Even more radically, Lag Ba’Omer, the springtime holiday of bonfires, was pretty much ignored in most Jewish communities over the centuries until reinvented by Zionism as a celebration of Jewish heroism, due to its assumed origins in the Bar-Kokhba revolt against Rome.
The biblical Passover, Shavuot and Sukkot were also reprogrammed by Zionism, which dusted and amplified their agricultural aspects, especially in kibbutzim, whose replacement of those holidays’ traditional prayers with colorful, dance-filled festivities of harvest and fertility struck some as neo-pagan.
Tu Bishvat was different.
There was no ancient formula for its celebration that could be violated or tweaked. Indeed, never in its history, old or new, did it carry a constitutional text, the way the books of Esther and the Maccabees did for Purim and Hanukkah, nor did it produce a sacred ritual like the latter’s candle lighting, or Passover’s Seder, or Sukkot’s eating in temporary huts.
Indeed, even after its Zionist embrace Tu Bishvat never became a legal vacation day, and its ceremonies remained pretty much where Haim Zuta initiated them, in the kindergartens and schools, so much so that scholars see it as part of what they call “the children’s culture,” and a reflection of the common equation of children and plants.
Still, planting was for Zionism no child’s play, but a matter of high strategy, and once the British came along it turned out that on this front the two had plenty of room for cooperation, especially on Tu Bishvat. The British Mandate government had a Department of Forests that welcomed the Jews’ eagerness to forest the Land of Israel, because it saw in forestation a way of combating desolation.
The Jews, though primarily driven by national motivation to expand their grip on vacant areas, shared this British thinking. The Mandate government therefore declared Tu Bishvat a formal holiday, and in fact supplied millions of saplings to the Jewish schools for their students to plant on Tu Bishvat.
By the time the British left in 1948 they had planted more than 13,000 acres of trees west of the Jordan, mostly along the Mediterranean coast, while the Jews planted an additional 6,000 acres, mostly in the Galilee and Judean Mountains.
So devoted were the Jews those days to the planting endeavor that in 1937, while the Arab Revolt’s perpetrators torched planted forests, some mourned them, and also vowed revenge, as if they had been human beings.
“Look, brothers, at what the murderers did to our saplings,” a moderator told the crowd in a Tu Bishvat ceremony in Tel Aviv in 1937. “Listen to the burnt forest’s groan. Rest not until we return and plant, and our forests become glory in the land.” The children, reported the Labor daily Davar, answered in a resounding roar, “We shall remember!”
Though some of this context remains relevant, the nationally rooted Tu Bishvat is globalizing.
Yes, organized planting continues in earnest, led by the Jewish National Fund (JNF), which is in the last stages of a decade-long effort to have as many citizens as possible plant an aggregate 6 million trees, from the Negev to the Galilee.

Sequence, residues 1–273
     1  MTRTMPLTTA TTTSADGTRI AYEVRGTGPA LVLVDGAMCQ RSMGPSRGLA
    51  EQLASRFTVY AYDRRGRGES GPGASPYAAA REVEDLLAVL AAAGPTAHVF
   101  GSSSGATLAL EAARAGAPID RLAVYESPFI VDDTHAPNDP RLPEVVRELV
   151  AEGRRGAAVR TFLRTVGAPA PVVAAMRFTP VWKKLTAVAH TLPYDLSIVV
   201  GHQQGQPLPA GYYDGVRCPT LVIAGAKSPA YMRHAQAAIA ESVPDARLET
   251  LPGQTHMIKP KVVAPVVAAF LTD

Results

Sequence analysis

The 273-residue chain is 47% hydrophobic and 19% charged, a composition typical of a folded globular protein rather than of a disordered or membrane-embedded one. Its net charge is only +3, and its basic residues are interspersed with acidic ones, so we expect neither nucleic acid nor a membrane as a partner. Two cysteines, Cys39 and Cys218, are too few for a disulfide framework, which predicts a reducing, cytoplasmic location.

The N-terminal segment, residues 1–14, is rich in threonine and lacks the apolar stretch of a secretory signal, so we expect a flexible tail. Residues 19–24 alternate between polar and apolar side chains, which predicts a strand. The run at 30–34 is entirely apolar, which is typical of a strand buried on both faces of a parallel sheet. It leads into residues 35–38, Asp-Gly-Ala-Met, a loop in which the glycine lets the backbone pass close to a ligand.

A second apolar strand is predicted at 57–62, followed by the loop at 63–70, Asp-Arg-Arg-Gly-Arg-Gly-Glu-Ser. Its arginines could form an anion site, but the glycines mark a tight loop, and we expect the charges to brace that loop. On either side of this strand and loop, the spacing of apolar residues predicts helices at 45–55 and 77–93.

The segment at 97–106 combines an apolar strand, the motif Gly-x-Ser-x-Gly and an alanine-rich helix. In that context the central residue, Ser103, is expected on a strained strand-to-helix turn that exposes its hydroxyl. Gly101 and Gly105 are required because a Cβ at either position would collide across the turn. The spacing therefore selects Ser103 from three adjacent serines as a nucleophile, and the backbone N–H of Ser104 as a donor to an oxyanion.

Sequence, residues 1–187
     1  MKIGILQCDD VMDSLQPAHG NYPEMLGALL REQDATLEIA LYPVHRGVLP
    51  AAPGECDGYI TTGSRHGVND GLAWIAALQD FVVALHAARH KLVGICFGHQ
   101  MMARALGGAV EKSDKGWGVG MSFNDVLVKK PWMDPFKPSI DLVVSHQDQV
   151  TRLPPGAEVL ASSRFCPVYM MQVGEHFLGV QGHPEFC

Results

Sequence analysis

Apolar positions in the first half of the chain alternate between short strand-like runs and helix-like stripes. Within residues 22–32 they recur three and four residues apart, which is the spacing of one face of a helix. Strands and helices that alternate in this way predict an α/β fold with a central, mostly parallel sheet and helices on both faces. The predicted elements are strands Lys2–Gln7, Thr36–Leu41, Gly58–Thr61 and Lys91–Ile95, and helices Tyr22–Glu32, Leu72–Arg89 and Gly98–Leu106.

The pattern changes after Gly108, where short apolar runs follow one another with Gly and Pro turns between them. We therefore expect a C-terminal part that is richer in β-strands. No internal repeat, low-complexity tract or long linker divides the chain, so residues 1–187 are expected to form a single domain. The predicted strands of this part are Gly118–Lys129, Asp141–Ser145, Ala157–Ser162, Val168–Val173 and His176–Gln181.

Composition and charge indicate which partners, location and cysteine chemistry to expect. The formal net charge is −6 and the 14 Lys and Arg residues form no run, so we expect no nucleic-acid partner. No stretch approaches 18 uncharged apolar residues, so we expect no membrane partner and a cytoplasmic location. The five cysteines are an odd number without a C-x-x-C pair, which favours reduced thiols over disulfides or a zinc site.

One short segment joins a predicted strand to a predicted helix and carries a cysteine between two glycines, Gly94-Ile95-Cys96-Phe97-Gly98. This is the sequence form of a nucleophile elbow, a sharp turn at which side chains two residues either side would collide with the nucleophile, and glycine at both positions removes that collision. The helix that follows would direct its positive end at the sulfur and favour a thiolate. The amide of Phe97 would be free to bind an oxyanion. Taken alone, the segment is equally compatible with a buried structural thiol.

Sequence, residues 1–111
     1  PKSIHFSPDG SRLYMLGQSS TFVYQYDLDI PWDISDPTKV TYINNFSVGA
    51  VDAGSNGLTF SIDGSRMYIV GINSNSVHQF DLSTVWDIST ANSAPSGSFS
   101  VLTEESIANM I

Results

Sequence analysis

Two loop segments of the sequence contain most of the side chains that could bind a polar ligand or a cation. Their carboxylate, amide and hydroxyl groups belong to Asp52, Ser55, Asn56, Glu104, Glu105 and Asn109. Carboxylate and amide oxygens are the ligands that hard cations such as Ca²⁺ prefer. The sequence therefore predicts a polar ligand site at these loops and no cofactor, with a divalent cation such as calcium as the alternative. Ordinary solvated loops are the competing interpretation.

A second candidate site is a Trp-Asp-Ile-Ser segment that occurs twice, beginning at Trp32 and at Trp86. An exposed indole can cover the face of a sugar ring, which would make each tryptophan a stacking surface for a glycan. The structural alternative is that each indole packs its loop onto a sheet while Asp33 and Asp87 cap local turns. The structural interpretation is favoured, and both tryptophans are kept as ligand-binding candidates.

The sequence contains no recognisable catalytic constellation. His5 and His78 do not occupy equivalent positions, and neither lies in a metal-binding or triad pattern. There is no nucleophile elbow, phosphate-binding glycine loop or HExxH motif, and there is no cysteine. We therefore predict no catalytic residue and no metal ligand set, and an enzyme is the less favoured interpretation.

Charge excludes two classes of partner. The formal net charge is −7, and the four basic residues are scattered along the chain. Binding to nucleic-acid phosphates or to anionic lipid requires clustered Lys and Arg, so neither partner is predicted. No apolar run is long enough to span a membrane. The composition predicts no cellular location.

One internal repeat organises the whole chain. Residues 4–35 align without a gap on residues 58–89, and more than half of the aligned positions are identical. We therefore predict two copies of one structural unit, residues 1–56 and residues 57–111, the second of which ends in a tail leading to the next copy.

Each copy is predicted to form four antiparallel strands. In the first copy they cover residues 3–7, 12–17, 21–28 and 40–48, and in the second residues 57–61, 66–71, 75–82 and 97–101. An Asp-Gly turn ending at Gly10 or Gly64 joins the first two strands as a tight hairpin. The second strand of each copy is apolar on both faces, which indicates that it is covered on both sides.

And yes, some of the planting remains politically charged, especially beyond the Green Line, though some of the planting projects actually defy the conflict, like one in which settlers from Efrat and their Palestinian neighbors from Jurat-a-Shama jointly planted trees on Tu Bishvat in 2012 to fend off the nearby desert’s dust, which invaded their houses in disregard of national borders.
Though such a post-conflict Tu Bishvat is not about to become the norm anytime soon, the holiday is steadily sailing toward an apolitical future, whereby nationalism gives way to a universalistic environmentalism.
That is why the planting drive JNF launched last decade is part of the United Nations Environment Program’s “Plant the Planet” project, which aims to plant a billion trees worldwide, informed by Israel’s singular success in having by the end of the 20th century more trees than it had when it began.
In the same world-mending spirit, environmental organizations like the Nature Protection Society and the National Parks Authority use Tu Bishvat to bring thousands to places where development threatens nature, like the sand dunes of Nitzanim south of Ashdod, or the Timna Valley north of Eilat.
No longer feeling the urgent need that Haim Zuta felt in Czarist Russia to prove that Jews can be as attached to their land as Gentiles can be to theirs, Israelis now use Tu Bishvat to join the rest of mankind’s effort to fight modernity’s affronts to the planet.
Come mid-January’s Tu Bishvat, Israelis will flock to the Judean Mountains to admire their blooming almond trees’ gowning in a pinkish white veneer; and to the Sharon Valley, to stroll by its blankets of velvety red anemones; and to the Dimona Creek’s bronzy slopes, to inhale the fragrance of midwinter’s daffodils as their green stalks and yellow petals and stamens violate the surrounding desert’s desolation, aridity, and pallor.
While observing this way the one Israeli holiday that has no constitutional myth, guiding text, or vacation day, few Israelis recall the third stanza in “The Almond Blossoms,” in which Hebrew poet Yisrael Dushman (1884-1947) vowed, “We shall forest every mount and hill / From Dan to Beersheba / And our Land we shall reclaim.”
Millions, however, sure do remember this poem’s opening lines, having sung them with their kindergarten teacher while planting, like Haim Zuta’s children outside Ottoman Jerusalem, a sapling in their land:
The almond is blossoming
And a golden sun is shining
Birds atop every roof
Announce the holiday’s approach
Tu Bishvat has arrived – the holiday
of the trees